All good things must end

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This is a slightly difficult post to write, but I have decided that after The Fe-line Frock Swap on 30th May Fe-line will close its doors for the final time.

This has been an incredibly hard decision for me to make as over the last 3 and half years I have put a lot of myself into building the Fe-line brand, but sometimes you have to let something go, to be able to move on with the next part of your life.

Fe-line started life in 2012 as The Oxford Women’s Hub, at the time I was living in Oxford and looking for like minded women to share ideas with. And I found them, a lot of them and we shared our stories and inspired and helped each other.

It was this sharing and this community of women that changed my whole life, the way I looked at the world and most importantly the way that I looked at myself. I never believed in myself before Fe-line, I doubted my abilities all the time, but suddenly I was doing, I was achieving my goals.

I can say honestly and wholeheartedly that without Fe-line I would have never have been able to start The Wandering Kitchen, I would never have found a positive and strong relationship and I wouldn’t have my amazing son.

But I have been struggling with where I want to take Fe-line in the future and without a large amount of funding there isn’t really room for it to grow any further. And I actually think it has done what it was intended to do and that was put me back onto my path. I have become a stronger person.

Before now I haven’t been ready to let go, I wanted Fe-line to help others the way that it helped me, but I have been drifting further and further away from Oxford and from the community I created. This is where I am today, my priorities lie with my family and my business, The Wandering Kitchen and so with a very heavy heart I have finally made the decision that this is the end.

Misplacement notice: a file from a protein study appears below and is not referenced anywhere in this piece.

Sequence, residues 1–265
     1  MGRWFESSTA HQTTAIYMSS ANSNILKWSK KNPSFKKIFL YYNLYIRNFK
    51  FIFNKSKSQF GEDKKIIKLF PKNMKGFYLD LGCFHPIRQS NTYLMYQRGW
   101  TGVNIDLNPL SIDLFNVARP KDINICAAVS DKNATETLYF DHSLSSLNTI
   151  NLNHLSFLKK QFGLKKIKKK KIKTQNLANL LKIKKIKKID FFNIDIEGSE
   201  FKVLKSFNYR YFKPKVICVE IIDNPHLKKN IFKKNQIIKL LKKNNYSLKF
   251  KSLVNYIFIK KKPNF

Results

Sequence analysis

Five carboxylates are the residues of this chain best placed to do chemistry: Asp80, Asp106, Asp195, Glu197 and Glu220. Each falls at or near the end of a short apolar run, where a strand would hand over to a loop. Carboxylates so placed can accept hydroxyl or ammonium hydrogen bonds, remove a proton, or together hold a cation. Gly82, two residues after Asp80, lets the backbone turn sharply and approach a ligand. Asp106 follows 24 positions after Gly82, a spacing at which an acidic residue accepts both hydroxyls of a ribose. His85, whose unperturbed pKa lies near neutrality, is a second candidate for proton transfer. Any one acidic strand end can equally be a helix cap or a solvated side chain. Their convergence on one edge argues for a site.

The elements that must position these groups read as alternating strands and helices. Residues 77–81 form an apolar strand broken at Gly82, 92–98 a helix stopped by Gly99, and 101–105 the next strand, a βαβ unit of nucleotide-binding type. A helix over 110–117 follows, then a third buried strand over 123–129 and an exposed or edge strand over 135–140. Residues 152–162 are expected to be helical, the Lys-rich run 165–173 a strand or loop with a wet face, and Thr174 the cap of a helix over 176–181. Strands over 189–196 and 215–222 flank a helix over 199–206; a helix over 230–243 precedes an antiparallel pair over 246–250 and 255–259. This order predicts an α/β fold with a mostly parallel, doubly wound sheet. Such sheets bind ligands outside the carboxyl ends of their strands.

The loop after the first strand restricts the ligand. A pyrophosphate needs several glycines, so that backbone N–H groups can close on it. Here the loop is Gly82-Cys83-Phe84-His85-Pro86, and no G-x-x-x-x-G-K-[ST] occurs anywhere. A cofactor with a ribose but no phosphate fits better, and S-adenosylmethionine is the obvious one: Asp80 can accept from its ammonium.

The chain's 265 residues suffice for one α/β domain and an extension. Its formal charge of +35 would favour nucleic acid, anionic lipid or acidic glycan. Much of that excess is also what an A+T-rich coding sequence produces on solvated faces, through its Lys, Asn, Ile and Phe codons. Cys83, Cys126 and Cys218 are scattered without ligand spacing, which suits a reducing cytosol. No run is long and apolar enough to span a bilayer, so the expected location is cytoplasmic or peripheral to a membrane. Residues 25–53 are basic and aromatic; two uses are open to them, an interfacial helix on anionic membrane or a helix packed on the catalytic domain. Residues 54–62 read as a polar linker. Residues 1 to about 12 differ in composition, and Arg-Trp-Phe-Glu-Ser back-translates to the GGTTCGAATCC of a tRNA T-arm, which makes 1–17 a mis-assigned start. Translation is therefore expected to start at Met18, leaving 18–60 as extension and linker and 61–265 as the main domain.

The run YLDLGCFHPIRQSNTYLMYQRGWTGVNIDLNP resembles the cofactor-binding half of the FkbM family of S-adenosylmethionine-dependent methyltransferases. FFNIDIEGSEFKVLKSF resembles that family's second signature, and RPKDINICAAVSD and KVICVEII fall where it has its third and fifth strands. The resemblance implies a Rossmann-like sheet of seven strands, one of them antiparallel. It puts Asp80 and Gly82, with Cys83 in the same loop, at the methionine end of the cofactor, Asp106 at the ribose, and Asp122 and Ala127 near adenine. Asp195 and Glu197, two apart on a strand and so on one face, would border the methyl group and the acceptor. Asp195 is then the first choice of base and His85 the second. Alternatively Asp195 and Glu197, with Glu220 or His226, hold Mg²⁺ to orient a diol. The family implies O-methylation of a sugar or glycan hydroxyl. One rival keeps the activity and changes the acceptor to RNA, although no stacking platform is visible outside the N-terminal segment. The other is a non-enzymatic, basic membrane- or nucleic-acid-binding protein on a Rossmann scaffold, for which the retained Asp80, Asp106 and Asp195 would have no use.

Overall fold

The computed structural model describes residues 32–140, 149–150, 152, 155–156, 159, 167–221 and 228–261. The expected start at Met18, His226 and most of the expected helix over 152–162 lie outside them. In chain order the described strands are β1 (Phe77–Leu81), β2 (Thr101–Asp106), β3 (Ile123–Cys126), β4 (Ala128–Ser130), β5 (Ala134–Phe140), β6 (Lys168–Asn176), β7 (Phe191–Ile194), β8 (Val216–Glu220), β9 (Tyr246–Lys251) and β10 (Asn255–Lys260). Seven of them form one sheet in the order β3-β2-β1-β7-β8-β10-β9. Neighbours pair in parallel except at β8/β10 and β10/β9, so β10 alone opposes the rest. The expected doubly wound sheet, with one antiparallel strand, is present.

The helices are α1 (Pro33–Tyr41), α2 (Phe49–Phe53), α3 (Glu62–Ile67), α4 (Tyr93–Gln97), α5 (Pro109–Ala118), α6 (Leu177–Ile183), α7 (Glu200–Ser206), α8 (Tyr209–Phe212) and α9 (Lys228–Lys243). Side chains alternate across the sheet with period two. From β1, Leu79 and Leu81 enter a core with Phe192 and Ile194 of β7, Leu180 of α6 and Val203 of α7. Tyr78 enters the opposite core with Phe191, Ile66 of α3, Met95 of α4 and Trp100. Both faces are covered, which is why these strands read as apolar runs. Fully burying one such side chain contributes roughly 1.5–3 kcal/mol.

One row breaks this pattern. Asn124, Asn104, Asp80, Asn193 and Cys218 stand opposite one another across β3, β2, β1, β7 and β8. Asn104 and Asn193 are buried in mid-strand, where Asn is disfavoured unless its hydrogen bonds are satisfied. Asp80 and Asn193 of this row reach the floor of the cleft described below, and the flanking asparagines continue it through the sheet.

I want to thank everyone that has been involved with Fe-line, my team, especially Debs who has been there from the very first idea sparks of Fe-line and stuck with me until the very end, the Fe-line bloggers, everyone who has attended an event. I hope that it has helped you as much as it has helped me.

There are a couple of silver linings to this news:

1. It didn’t seem right to end without one more P-A-R-T-Y. Our last Frock Swap will be on Saturday 30th May at The Old Museum on St Aldate’s, there will be swishing, awesome stalls, a pop up café from The Wandering Kitchen (that will be selling celebratory Fe-line Cream Teas with celebratory Fe-line fizz), oh and as always there will be plenty of fun and frolics. Please come down and say a fond farewell to me and the cat.

2. Debs is going to be continuing the Book Club over on her new site Writer Hiker and we will be posting before the 30th May about how you keep up to date with the Book Club. But you need to check out her site, it’s pretty awesome and she made it all herself.

3. You can still follow my antics over on Twitter and Instagram.

Big Love as always,

Jo-Fe-line-signature

 

 

Image credit: Vivacious Mel Photography

On not eating meat…and not preaching about it